You have about a 20% chance of becoming disabled at some point in your career. A 2002 National Science Foundation study indicates this is the case for scientists and engineers (www.nsf.gov/pubs/2002/nsf029024/nsf029024.pdf). This report indicates, “The proportion of scientists and engineers with disabilities increases with
age. More than half became disabled at age 30 or older.”

 

People with disabilities are the world’s largest minority group. Perhaps because I had a grandfather who became confined to a wheelchair when in his fifties, I’ve long been sensitive to the employment problems of the disabled. And they do have employment challenges that are greater than those faced by people not disabled.

The disabled more likely to be unemployed

According to Gareth Edwards, a statistician and research associate with the American Chemical Society, ACS 2010 Chem Census survey indicated that members who “consider themselves to be a person with a disability” are more likely to be unemployed that those who do. The data he based his conclusion on are summarized in the table below:

Table 1. Employment Status of ACS Members (2010) Chem Census Survey

 

 

Do you consider yourself to be a person with a disability?

Yes

No

Total

Column N %

Column N %

Column N %

Employment Status

Full-time

69.6%

86.9%

86.6%

Part-time

5.5%

3.8%

3.8%

Postdoc

2.3%

3.9%

3.9%

Not Working Seeking

6.2%

3.7%

3.7%

Not Working, Not Seeking

16.4%

1.7%

2.0%

Total

100.0%

100.0%

100.0%

 

The unemployment rate seems to be higher (6.2%) among those who consider themselves disabled than among those who do not (3.7%). As Table 1 indicates, these numbers do not include members who are not working and not seeking work. Members who consider themselves disabled are nearly ten times more likely to fall into this category than members who do not. In addition, ACS members considering themselves disabled are more likely to be working part-time those employed part-time than those who do not. Many part-timers would like to work full-time and fall into the category of under-employed.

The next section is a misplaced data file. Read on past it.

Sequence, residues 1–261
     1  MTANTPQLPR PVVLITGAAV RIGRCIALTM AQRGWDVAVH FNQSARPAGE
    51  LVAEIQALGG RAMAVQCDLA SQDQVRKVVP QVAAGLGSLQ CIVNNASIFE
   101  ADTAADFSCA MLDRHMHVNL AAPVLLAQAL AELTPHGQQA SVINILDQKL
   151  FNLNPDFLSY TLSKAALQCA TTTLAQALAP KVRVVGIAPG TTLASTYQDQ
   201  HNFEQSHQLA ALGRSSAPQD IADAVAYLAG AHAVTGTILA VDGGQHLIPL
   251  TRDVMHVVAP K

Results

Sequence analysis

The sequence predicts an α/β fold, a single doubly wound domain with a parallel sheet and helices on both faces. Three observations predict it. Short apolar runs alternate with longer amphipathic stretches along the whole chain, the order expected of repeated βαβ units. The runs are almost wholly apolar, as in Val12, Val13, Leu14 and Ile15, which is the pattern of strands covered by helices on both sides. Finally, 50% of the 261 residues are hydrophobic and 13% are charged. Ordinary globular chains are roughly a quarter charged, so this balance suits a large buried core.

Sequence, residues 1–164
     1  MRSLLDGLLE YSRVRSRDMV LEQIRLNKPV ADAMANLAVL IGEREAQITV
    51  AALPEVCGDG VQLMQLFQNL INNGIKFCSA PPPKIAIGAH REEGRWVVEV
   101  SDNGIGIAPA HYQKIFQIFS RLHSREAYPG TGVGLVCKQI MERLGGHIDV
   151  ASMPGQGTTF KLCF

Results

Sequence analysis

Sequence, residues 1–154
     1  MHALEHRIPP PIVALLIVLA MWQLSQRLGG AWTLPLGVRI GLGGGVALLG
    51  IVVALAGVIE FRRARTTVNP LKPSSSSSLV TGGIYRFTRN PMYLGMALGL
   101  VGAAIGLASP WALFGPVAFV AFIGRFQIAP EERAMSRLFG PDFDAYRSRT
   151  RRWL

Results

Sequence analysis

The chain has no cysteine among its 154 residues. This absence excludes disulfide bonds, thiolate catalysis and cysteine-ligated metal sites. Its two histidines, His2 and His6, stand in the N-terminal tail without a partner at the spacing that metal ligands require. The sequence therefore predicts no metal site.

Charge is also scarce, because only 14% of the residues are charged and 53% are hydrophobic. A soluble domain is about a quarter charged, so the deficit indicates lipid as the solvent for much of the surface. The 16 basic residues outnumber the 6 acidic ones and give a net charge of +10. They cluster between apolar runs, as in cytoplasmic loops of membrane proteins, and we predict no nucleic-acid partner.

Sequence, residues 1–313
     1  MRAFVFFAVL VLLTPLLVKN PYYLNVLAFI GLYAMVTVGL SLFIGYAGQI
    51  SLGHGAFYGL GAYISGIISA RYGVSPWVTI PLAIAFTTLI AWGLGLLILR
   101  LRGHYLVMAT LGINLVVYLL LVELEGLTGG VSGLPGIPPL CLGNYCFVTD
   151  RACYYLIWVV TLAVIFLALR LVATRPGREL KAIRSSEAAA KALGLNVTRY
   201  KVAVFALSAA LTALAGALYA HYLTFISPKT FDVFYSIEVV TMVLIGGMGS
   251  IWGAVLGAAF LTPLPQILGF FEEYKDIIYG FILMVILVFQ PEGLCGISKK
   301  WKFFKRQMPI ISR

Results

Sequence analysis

Hiring strategies

 

Overall these numbers indicate that managers, including lab managers, are not considering a substantial number of highly skilled chemical professionals when hiring new staff members.

 

The Americans with Disabilities Act (ADA) of 1990 protects qualified individuals with disabilities from unlawful discrimination in the workplace. The ADA defines a disability as a physical or mental impairment that substantially limits one or more major life activities.

 

What is a reasonable accommodation?

A reasonable accommodation is a modification or adjustment of a job to allow a qualified individual with a disability the same opportunity to perform the job as an individual without a disability. This may be accomplished by:

  1. Making a facility accessible
  2. Changing jobs or work schedules
  3. Modifying equipment, tools, policies or training procedures
  4. Providing qualified readers or interpreters

 

Making a laboratory accessible to the disabled is often less expensive than many employers estimate.  The cost of most modifications is modest. For example, for the wheelchair bound, accommodations can include lowering lab benches or work surfaces in hoods, storing more chemicals in cabinets under the laboratory bench rather than on shelves above the bench where they may be out of reach. Shelf lift systems such as used in many warehouses can also be useful. Workstations must be of a suitable height for the wheelchair bound or their height be made adjustable.

 

Safety equipment such as safety showers and fire extinguishers must be accessible to those in wheelchairs. Light alarms can substitute for safety alerts broadcast over loudspeakers for the deaf.

 

Many lab modifications for the disabled are possible. Lab managers would do well to consult with laboratory designers who specialize in designing laboratories for the disabled.